For the first time since it was declared a wildlife sanctuary in 1955, the Sariska Tiger Reserve has been closed till September end. Officially, the reason cited is the onset of monsoons, but forest department officials admit the real reason is their inability to prevent poachers who step up activity come the rains.
According to a communiqué received from the state government, the reserve has been closed for effective enforcement against poachers. Another reason given is to ensure tiger breeding and identification of tiger habitats in the reserve. The Rajasthan government has cited increased tourist influx as a reason for the low reproduction rate of tigers in the reserve.
Sariska has been in news because of disappearance of tigers from the reserve. The government constituted a task force to look into the issue and suggest remedial measures. The state government says it wants to ensure effective patrolling as poachers are said to be very active during rains, senior ministry officials told HT. “During monsoon, spotting and catching a tiger is very easy as they can be seen near waterholes, officials say, poaching increases by 50-60 percent.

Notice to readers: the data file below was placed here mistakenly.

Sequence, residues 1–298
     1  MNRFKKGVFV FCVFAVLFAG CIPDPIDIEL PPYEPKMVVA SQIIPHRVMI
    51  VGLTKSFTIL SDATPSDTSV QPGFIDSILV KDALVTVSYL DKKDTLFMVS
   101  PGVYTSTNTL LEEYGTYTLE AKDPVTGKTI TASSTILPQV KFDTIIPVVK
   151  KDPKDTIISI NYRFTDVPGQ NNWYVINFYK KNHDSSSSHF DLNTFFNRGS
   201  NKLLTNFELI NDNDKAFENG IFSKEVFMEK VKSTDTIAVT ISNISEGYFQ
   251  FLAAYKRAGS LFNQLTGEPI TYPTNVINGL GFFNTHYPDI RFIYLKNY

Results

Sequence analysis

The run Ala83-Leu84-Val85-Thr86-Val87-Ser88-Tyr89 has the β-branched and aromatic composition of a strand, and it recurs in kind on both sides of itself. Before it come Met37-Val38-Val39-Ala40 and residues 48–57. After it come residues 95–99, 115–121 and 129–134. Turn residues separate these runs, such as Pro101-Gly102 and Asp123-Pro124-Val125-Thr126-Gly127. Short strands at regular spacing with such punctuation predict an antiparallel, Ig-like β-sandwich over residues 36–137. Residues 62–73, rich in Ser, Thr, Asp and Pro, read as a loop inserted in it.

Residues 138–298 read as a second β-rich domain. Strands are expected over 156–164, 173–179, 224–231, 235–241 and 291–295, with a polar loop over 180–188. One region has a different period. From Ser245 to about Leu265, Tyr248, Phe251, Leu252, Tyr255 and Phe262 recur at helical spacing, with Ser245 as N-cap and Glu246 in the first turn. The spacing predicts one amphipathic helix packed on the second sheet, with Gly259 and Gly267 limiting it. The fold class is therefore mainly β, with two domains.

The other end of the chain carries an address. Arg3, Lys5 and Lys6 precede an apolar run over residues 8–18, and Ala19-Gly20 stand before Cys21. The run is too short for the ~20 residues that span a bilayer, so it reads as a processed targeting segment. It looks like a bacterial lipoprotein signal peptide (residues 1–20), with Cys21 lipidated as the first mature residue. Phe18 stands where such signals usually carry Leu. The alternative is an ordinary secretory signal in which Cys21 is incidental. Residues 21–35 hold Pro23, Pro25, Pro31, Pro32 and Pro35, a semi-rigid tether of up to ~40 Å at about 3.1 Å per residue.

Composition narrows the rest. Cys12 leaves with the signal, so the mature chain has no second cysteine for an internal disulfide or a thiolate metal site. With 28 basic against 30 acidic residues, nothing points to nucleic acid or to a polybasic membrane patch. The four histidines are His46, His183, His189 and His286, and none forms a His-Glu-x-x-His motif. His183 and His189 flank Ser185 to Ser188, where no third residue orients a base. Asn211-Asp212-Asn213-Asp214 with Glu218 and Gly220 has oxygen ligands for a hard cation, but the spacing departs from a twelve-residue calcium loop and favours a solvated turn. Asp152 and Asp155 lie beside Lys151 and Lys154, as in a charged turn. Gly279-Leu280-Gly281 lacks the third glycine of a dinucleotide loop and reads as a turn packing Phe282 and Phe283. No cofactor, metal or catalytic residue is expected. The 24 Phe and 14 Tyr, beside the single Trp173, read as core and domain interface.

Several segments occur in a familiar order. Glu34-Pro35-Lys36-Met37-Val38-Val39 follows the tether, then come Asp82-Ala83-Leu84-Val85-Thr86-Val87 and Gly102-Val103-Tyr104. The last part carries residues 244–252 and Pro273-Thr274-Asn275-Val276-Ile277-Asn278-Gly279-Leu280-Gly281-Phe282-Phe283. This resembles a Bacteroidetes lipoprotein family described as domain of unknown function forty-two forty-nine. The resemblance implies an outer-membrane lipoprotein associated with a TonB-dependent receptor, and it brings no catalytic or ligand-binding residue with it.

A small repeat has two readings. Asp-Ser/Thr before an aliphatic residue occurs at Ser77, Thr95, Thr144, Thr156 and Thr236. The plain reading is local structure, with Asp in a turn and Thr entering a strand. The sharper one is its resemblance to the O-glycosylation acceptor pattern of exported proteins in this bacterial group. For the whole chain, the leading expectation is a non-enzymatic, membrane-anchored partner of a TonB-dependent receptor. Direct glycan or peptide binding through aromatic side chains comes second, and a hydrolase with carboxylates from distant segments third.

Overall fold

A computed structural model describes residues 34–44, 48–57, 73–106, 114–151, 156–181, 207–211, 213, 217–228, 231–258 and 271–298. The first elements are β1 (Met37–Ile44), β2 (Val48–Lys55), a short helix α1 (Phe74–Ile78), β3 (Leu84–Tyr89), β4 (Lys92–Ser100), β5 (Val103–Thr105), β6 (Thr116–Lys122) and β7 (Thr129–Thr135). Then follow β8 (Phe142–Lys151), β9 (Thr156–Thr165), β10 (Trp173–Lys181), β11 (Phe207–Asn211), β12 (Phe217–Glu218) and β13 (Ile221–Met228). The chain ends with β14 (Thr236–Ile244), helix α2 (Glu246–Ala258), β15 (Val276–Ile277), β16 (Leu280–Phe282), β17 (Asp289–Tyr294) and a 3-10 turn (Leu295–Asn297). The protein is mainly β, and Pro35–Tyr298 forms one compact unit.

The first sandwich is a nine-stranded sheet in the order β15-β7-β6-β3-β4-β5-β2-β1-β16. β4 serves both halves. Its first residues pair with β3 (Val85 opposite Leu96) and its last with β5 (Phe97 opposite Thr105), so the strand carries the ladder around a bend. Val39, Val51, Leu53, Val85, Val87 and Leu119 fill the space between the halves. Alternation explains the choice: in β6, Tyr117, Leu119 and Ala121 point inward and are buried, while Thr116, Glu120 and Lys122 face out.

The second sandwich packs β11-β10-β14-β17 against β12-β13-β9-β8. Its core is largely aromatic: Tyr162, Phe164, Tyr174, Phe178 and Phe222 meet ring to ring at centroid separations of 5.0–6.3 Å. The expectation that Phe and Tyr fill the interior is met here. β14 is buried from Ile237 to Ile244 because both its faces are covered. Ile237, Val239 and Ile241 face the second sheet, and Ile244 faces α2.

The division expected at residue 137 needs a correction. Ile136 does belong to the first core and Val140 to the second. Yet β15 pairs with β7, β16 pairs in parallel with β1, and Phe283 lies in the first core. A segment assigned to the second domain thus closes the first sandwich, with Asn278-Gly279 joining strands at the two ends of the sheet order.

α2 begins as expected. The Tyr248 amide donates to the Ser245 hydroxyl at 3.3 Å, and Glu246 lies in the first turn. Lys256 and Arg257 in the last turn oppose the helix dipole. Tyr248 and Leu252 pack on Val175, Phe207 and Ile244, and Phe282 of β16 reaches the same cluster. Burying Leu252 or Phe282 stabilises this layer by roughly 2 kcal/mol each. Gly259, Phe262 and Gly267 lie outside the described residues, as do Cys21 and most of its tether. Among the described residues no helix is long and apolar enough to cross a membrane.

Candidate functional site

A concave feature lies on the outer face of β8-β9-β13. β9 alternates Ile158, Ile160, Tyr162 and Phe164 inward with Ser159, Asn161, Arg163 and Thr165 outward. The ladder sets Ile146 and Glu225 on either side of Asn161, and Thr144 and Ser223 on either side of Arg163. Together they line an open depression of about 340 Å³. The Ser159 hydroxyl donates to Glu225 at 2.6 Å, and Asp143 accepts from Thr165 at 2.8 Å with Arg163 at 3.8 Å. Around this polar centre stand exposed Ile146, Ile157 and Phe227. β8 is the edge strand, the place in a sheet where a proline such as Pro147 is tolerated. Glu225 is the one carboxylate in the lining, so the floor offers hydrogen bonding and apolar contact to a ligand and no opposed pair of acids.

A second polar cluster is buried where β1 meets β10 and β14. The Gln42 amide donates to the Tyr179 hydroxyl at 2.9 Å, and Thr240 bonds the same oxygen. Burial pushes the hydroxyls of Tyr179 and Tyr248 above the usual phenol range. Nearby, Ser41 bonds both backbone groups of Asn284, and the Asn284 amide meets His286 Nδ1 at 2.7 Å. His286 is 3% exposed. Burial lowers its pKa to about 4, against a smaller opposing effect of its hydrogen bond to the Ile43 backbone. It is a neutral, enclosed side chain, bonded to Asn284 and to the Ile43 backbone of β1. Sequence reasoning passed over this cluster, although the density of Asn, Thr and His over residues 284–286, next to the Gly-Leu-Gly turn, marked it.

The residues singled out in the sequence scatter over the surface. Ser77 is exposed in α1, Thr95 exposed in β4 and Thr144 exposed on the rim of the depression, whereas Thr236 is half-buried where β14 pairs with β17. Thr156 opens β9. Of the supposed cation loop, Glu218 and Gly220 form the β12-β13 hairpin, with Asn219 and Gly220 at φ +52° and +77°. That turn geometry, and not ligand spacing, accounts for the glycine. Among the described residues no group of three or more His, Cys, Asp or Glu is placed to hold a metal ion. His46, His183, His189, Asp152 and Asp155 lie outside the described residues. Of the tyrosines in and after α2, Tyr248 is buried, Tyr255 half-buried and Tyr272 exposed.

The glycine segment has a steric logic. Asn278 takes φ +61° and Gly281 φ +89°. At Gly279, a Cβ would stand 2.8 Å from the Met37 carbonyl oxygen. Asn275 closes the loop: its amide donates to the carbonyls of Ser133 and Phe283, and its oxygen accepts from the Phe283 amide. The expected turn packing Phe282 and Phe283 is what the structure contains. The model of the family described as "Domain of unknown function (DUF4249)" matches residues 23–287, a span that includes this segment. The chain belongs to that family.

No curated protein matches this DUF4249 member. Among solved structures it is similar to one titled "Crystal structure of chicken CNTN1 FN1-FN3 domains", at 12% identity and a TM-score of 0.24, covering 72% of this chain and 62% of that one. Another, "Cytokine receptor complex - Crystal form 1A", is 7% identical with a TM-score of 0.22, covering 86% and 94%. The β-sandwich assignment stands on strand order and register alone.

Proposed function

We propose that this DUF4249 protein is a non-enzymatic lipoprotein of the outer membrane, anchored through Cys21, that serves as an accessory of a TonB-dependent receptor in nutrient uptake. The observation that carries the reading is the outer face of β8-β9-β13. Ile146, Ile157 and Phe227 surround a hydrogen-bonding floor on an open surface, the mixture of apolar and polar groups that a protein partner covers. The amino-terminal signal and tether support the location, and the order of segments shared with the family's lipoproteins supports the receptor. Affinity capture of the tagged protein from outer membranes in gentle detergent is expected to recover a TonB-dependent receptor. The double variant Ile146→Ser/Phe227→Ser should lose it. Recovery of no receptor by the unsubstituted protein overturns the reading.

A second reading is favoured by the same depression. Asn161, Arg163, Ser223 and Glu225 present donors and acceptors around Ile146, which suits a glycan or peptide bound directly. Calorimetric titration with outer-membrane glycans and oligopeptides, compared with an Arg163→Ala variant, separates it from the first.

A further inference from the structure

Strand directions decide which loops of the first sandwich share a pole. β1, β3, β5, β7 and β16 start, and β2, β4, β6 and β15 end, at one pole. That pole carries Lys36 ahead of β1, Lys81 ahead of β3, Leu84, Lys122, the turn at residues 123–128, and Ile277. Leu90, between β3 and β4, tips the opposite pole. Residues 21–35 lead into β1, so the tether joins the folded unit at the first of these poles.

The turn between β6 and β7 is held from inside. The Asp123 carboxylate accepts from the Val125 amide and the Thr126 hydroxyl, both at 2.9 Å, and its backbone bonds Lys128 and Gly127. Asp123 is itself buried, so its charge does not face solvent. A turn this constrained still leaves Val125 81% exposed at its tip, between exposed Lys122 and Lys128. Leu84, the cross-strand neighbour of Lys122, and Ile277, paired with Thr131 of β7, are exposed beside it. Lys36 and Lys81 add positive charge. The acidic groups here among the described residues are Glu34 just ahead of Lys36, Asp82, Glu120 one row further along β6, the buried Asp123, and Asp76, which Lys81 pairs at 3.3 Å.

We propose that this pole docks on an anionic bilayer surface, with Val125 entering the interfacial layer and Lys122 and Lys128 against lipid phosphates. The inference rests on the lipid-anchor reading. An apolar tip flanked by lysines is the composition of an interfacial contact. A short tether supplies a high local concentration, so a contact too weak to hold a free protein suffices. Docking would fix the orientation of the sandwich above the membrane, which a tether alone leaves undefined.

Besides closing the sanctuary, a strong force of 100 home guards and 30 personnel of Rajasthan Armed Constabulary has been deployed in addition to local staff.
The state government’s action is part of the monsoon patrolling scheme of the ministry. In all, 11 tiger reserves have been allocated Rs. 75.74 lakh for patrolling purpose. But Sariska is the only sanctuary that has been closed down. “It appears the local authorities have felt that they may not be able to cope with the onslaught of poachers if they have to regulate visitors,” an official commented.